In case you weren’t aware, Chevy Bolts have this “quirk” where they’ll catch on fire by design. It’s led many to question whether electric cars are actually safe. But after Chevy’s third recall, taking back all 141,000 cars, we’re finally getting some solutions to the problem. Albeit, the reasoning behind the Bolt’s spontaneous combustion isn’t straightforward.
What battery experts think may be causing Chevy Bolt EVs to catch fire
When the issue was first brought to the public, GM insisted that the battery failures were caused by a “torn anode tab and a folded separator.” That’s fancy-talk for the components of an electric car battery cell. And when enough of those cells fail, the battery can easily overheat.
However, battery experts such as Louis Hruska, who spoke to AutoWeek on the subject, say the issue is far more complex. There’s no doubt the issue revolves around the battery cells, but there are only two ways you can prevent the battery pack from failing. One solution is to build a perfect battery cell, but that’s easier said than done. So the “plan B” is to design a system that isolates overheating cells, and prevents them from affecting the rest of the battery pack.
But GM designed the battery packs, squishing cells close together to create more energy density. And on top of that, they didn’t develop a system for the Bolt to isolate overheating cells. Instead, the solution was to lower the energy output of the entire battery pack. But that didn’t stop the heat from spreading across numerous cells and then, eventually, causing the car to catch on fire.
How GM and LG Energy Solution are handling the issue
To remedy the problem, GM and LG have already dumped $2 billion into fixing the Chevy Bolt EVs. Though, LG took the bulk of the bill, paying $1.9 billion. Chevy Bolts from 2017 to 2019 have been recalled, and some of the second generation 2020 through 2022 models were brought in for repairs as well.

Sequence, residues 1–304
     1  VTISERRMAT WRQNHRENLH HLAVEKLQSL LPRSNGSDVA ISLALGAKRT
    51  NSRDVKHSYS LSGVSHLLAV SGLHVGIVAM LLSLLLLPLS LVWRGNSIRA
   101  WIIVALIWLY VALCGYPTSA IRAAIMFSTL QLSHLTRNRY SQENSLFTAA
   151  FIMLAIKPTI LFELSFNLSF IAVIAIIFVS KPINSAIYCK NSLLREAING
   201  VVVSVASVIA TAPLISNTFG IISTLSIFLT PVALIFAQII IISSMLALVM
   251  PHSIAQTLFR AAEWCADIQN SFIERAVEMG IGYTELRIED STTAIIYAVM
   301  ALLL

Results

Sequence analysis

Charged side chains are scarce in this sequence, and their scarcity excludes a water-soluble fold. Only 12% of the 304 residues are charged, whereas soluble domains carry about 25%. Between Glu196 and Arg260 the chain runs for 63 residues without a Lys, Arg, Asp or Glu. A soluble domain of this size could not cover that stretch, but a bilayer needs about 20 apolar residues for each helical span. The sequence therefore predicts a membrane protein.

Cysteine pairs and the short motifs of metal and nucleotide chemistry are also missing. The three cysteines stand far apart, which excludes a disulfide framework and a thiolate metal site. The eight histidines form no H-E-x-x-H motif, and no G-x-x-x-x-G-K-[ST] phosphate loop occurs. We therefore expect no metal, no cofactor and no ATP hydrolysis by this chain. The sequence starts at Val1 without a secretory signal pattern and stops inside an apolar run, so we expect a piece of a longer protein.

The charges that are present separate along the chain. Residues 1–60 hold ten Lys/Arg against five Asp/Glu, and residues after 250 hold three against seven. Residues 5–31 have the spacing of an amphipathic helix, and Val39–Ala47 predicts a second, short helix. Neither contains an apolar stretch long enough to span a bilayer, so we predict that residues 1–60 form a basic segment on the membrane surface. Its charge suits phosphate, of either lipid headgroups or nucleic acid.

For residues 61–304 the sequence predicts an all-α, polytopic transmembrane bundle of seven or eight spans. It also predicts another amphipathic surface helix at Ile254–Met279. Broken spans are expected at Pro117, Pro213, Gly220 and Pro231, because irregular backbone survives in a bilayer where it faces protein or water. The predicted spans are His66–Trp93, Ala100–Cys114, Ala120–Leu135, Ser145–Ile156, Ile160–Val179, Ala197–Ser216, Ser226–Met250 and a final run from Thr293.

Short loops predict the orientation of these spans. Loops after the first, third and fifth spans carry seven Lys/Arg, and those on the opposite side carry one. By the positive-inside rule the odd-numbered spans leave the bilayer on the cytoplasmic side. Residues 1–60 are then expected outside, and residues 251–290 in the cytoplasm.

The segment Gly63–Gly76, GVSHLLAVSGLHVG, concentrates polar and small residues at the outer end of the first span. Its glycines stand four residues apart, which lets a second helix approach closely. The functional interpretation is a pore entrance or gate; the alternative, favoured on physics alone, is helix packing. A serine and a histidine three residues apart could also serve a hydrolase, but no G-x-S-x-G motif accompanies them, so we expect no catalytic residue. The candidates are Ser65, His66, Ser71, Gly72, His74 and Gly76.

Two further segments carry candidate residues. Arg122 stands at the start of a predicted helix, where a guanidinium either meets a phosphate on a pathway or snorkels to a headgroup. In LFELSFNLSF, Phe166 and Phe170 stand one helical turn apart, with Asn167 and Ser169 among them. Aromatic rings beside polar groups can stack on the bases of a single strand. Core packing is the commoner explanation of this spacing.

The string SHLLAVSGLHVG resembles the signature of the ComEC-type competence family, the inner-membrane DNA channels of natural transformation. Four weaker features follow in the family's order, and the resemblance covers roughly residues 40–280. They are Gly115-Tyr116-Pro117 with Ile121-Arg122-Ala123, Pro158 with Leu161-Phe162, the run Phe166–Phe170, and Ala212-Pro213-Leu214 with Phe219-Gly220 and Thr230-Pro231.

The brand is working quickly to get the bolts back on the market. Although, working quickly may have been what got GM into this snag in the first place. Electric car batteries aren’t easy to make, with materials that are ridiculously delicate to the point where automated machines can still break them.
However, to beat out Tesla, GM expedited the design process and released batteries that used old battery technology. Provided, they did beat Tesla to the punch, releasing their affordable EV in 2016 while Telsa released the Model 3 in 2017. But the Bolt’s ongoing reputation certainly isn’t as strong.
Bad batteries aren’t just a GM issue though, they’re an electric car issue. Almost every major player in the EV game has experienced recalls due to battery fires, including Tesla itself.
Why burning battery cells may be an ongoing problem
Each of the major players has systems in place to test not just every battery pack, but every individual cell of an electric car. GM did the same for the Bolt, but clearly, those systems weren’t thorough enough. Ford has had issues with the plug-in hybrid version of their Ford Kuga as well, even though they also test the individual cells of the battery.
GM is moving forward with their Ultium battery platform, which uses more advanced cooling systems and takes note of the mistakes made by the Chevy Bolt’s battery. But even with all the testing and research in the world, there’s no denying that we don’t fully understand electric car batteries yet.